The pathophysiology of silicosis is poorly understood, limiting development of therapies for those who have been exposed to the respirable particle. We explored the mechanisms of silica-induced pulmonary fibrosis in a mouse model using multiple modalities including wholelung single-nucleus RNA sequencing. These analyses revealed that in addition to pulmonary inflammation and fibrosis, intratracheal silica challenge induced osteoclast-like differentiation of alveolar macrophages and recruited monocytes, driven by induction of the osteoclastogenic cytokine, receptor activator of nuclear factor-κB ligand (RANKL) in pulmonary lymphocytes and alveolar type II cells. Furthermore, anti-RANKL monoclonal antibody treatment suppressed silica-induced osteoclast-like differentiation in the lung and attenuated silica-induced pulmonary fibrosis. We conclude that silica induces osteoclast-like differentiation of distinct recruited and tissue resident monocyte populations, leading to progressive lung injury, likely due to sustained elaboration of bone resorbing proteases and hydrochloric acid. Interrupting osteoclast-like differentiation may therefore constitute a promising avenue for moderating lung damage in silicosis.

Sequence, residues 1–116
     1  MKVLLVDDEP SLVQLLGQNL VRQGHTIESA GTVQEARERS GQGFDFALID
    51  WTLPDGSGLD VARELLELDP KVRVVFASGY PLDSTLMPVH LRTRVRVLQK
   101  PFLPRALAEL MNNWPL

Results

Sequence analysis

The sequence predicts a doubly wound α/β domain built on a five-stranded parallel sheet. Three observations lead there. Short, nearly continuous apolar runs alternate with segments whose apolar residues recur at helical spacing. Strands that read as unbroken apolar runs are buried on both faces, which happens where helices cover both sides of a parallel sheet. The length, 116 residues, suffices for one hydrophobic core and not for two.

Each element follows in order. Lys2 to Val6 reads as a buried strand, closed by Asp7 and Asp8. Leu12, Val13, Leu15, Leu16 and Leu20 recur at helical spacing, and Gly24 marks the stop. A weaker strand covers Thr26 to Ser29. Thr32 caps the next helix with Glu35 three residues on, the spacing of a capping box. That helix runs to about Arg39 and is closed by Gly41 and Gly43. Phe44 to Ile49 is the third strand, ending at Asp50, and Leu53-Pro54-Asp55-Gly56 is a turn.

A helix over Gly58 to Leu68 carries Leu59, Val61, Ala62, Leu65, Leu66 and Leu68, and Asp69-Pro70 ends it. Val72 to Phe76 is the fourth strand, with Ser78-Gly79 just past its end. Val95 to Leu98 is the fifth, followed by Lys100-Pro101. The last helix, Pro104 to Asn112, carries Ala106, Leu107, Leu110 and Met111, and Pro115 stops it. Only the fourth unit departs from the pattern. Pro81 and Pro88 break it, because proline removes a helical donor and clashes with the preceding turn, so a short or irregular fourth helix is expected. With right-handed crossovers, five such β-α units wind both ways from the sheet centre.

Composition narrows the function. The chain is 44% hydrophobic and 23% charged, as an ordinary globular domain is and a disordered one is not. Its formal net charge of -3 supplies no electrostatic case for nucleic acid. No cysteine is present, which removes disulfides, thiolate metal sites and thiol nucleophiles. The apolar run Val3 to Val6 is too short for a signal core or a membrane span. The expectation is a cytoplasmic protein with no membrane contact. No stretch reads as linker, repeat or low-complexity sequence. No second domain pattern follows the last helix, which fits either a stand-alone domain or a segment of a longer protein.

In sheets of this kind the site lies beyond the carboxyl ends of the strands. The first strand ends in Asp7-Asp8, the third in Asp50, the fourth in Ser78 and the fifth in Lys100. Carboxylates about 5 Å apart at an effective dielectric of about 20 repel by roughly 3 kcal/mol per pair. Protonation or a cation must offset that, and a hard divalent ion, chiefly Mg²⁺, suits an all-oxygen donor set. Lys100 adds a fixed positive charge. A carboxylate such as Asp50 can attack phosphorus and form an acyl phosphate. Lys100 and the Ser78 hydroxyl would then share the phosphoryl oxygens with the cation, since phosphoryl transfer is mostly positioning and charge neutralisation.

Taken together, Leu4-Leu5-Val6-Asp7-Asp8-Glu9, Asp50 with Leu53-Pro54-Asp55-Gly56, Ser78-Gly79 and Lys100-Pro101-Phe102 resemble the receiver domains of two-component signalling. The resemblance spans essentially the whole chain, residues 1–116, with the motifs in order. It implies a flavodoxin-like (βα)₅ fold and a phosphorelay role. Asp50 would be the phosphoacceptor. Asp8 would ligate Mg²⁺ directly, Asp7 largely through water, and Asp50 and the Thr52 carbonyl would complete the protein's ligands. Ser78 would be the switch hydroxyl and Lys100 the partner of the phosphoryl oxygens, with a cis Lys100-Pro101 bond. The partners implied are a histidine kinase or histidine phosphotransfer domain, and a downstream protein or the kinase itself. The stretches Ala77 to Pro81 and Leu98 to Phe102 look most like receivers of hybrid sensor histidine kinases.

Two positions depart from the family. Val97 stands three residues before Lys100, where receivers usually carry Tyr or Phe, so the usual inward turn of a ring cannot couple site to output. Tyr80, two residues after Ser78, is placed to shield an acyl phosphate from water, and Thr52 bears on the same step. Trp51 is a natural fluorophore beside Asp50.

One Sentence Summary: Silica induces the alveolar epithelium to reprogram recruited and resident pulmonary myeloid cells to become osteoclasts that contribute to pulmonary fibrosis.
# equal contribution ** corresponding authors